British slang meaning angry, aggressive. Originally used in the streets but now popularized by the masses. The term comes from the legendary interviewer Jeremy Paxman.
jeremy: did you threaten to overrule him
michael: wow jeremy is being pretty pax, man
by firestriker124 May 19, 2021
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Passengers on commercial planes.
Yo, get that pax list and give it to the pilot.
by -Ryan January 27, 2006
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Pax means peace in Latin. It is often used as a name. He is the kind of boy that simultaneously breaks one's heart and awakens it. He is full of wrathful reverence that startles one's soul as one ineffectively stands near. He is a conundrum. One who is many things at once without being one thing at all and to simply label him would be an injustice. He is best told about in story form, because descriptive terms merely make him seem even more abstract. However, if one word must be chosen, it is "contrast;" he is a contrast in every way. More grey than any man, yet more black and white than the universe should ever allow. Both good in deed and wicked in heart, he is overcoming his wrongs while he is righting them. However, he stumbles in his same past grievances, and he is calloused when it comes to emotion. He might never let you know he cares. He might never care at all, but he is honest. He is the most honest person you will ever know, and he will tell you things you don't want to hear, but know that you need to hear them. He loves truth, and his love of truth will make him a ready match for the wits of any man. Lastly, never need him; he will never let himself need you in return. While he may love deeper than any other, you will never know, because he can never choose you, and he will die alone.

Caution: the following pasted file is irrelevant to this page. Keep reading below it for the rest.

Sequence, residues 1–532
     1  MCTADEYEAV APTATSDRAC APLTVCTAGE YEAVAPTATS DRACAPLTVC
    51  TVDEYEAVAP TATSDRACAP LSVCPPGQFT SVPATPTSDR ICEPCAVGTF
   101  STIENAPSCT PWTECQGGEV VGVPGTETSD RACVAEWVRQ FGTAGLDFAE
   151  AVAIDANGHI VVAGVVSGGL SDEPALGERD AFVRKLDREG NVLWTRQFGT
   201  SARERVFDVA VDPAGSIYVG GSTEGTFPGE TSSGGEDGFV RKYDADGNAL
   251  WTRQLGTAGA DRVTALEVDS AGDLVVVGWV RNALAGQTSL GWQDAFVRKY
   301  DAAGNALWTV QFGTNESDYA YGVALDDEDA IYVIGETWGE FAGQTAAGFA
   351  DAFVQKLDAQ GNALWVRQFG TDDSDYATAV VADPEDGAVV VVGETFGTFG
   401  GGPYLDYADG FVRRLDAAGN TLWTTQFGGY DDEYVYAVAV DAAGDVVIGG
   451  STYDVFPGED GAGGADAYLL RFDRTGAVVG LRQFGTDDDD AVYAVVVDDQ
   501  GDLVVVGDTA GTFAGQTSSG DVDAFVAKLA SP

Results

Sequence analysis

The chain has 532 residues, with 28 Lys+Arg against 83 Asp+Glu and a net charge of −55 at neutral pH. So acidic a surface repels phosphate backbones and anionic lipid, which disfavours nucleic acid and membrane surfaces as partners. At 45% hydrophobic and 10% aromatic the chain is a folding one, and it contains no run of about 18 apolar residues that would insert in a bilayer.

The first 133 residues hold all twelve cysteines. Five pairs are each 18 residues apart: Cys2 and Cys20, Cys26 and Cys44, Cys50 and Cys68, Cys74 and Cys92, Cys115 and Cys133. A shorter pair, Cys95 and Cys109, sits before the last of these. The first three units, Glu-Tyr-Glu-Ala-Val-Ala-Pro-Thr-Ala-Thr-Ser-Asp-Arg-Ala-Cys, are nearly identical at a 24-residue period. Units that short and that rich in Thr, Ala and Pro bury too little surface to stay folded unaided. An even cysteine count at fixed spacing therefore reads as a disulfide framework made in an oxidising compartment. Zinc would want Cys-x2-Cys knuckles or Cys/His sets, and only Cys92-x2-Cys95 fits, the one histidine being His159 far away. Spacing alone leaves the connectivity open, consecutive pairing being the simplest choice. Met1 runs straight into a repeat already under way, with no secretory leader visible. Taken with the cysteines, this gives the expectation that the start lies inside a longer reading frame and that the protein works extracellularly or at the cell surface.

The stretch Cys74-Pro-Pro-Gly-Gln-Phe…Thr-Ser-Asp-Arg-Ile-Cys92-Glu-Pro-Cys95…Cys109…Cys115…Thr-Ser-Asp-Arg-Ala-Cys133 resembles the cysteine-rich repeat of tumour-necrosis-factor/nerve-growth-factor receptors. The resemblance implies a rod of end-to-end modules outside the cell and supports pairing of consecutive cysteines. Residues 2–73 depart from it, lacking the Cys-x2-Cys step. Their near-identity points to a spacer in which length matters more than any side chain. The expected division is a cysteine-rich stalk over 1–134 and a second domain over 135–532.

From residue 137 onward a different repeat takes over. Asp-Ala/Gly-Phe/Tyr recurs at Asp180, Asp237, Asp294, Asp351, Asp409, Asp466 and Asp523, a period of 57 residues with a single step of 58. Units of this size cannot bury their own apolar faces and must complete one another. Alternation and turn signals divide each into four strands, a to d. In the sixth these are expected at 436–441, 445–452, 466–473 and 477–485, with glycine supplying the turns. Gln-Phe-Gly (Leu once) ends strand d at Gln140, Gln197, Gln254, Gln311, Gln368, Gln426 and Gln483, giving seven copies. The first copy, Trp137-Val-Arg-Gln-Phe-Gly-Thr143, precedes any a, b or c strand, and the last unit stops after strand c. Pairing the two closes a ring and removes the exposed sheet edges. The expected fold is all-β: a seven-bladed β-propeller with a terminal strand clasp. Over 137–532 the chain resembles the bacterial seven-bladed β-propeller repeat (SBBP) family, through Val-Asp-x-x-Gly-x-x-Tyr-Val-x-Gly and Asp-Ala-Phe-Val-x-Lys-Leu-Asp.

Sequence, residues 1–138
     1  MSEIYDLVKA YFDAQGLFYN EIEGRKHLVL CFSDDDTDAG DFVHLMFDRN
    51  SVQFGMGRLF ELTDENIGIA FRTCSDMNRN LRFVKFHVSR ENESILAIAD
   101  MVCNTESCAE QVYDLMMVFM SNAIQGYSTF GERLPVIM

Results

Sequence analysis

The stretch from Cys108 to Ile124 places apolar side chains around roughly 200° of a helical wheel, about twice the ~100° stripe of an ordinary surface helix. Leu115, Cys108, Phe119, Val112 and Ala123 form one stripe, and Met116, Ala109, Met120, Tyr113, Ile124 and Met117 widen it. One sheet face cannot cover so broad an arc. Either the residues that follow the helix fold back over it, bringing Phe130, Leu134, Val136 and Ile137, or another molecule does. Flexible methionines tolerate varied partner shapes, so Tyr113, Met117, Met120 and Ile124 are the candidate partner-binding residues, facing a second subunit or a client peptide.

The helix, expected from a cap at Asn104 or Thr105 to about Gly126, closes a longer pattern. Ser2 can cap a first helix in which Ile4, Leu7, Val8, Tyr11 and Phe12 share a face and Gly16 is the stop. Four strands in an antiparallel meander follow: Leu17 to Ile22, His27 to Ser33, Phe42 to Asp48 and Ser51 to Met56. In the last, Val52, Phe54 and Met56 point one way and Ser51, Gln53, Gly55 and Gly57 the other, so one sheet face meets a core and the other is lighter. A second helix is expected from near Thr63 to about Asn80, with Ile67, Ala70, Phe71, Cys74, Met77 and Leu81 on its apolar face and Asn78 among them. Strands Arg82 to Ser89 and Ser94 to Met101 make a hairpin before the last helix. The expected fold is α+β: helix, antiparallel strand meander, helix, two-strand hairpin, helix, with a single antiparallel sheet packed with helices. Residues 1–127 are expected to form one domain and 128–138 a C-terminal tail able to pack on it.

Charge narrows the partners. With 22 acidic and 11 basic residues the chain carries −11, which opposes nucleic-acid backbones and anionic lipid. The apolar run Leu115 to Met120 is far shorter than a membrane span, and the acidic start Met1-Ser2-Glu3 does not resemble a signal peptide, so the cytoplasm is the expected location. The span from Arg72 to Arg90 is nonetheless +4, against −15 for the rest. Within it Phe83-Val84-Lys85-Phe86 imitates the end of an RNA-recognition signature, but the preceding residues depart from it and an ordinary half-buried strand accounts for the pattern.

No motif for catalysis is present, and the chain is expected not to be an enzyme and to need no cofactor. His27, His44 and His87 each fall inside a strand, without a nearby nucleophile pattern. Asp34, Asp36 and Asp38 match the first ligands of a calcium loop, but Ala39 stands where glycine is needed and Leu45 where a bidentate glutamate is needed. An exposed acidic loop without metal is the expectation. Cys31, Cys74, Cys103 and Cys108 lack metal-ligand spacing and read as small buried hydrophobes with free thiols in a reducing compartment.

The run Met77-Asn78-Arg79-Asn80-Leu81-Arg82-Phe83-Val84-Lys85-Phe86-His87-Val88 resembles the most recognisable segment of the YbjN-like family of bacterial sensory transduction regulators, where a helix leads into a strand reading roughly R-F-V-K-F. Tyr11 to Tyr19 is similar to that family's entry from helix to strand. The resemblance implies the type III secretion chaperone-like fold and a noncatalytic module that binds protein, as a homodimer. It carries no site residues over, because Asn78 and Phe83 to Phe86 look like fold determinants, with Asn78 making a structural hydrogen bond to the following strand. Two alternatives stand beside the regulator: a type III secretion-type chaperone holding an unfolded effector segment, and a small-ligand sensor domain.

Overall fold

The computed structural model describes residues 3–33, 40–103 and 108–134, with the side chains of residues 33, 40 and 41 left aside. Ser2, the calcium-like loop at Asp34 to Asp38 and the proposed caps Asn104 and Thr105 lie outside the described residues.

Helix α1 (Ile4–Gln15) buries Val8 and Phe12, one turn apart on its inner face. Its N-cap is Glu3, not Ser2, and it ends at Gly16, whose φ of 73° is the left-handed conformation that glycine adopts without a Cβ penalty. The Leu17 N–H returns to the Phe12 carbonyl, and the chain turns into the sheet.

Pax is what we need.
Pax if possible, truth at all costs.
by gratiaetpacem November 16, 2010
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Latin
A tablet to be kissed. The primitive usage in the Church was for the "holy kiss" to be given promiscuously. Later men of the laity saluted men with the kiss, while women kissed women. This latter manner of giving the peace among the laity seems to have been maintained till the thirteenth century, when a substitute for the actual kiss was introduced in the shape of a small wooden tablet, or plate of metal bearing an image of the Blessed Virgin, of the titular of the church, or other saint, or more frequently of the crucifixion. The earliest notice of these instruments is in the records of English councils of the thirteenth century. This departure from the prevailing usage is attributed by Cardinal Bona to the Franciscans. Kissed by the celebrant and cleansed with a linen cloth, the tablet or plate was carried to others to be likewise kissed by them. This ceremony stills obtains in low masses, when the peace is thus given to prelates and princes, not to others except in rare cases established by custom. The acolyte or server kneeling at the right of the celebrant presents the tablet. The celebrant kissing it says: "Pax tecum"; the server answers: "Et cum spiritu tuo". The server then carries the instrument in turn to those who are to receive the peace, saying to each: "Pax tecum"; each responds, "Et cum spiritu tuo", and then genuflects.
Pax vobiscum, domine vobiscum. Et cum spiritu tuo.
by Adian October 18, 2004
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Pax a name for a rat who has marmite hair and rummages through bins in search of food.
Oh shit look out a PAX

mum whats PAX doing?
by 123kids April 30, 2019
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